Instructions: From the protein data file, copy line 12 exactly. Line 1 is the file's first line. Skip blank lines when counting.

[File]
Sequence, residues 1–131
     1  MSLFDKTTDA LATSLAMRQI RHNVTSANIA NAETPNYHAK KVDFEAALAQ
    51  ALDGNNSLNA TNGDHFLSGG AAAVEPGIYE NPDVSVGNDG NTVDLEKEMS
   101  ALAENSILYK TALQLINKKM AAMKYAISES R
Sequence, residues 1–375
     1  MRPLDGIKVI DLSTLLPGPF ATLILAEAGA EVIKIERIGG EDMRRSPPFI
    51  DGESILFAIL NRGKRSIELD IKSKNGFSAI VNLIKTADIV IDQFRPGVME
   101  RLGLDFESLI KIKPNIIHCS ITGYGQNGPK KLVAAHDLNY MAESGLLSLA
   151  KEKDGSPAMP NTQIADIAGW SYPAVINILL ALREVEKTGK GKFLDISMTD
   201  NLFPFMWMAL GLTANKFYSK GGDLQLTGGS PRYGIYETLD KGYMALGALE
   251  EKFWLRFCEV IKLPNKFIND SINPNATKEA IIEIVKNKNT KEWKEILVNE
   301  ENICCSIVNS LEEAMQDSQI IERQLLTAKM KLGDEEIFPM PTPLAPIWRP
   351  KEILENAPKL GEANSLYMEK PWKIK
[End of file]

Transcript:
   301  ENICCSIVNS LEEAMQDSQI IERQLLTAKM KLGDEEIFPM PTPLAPIWRP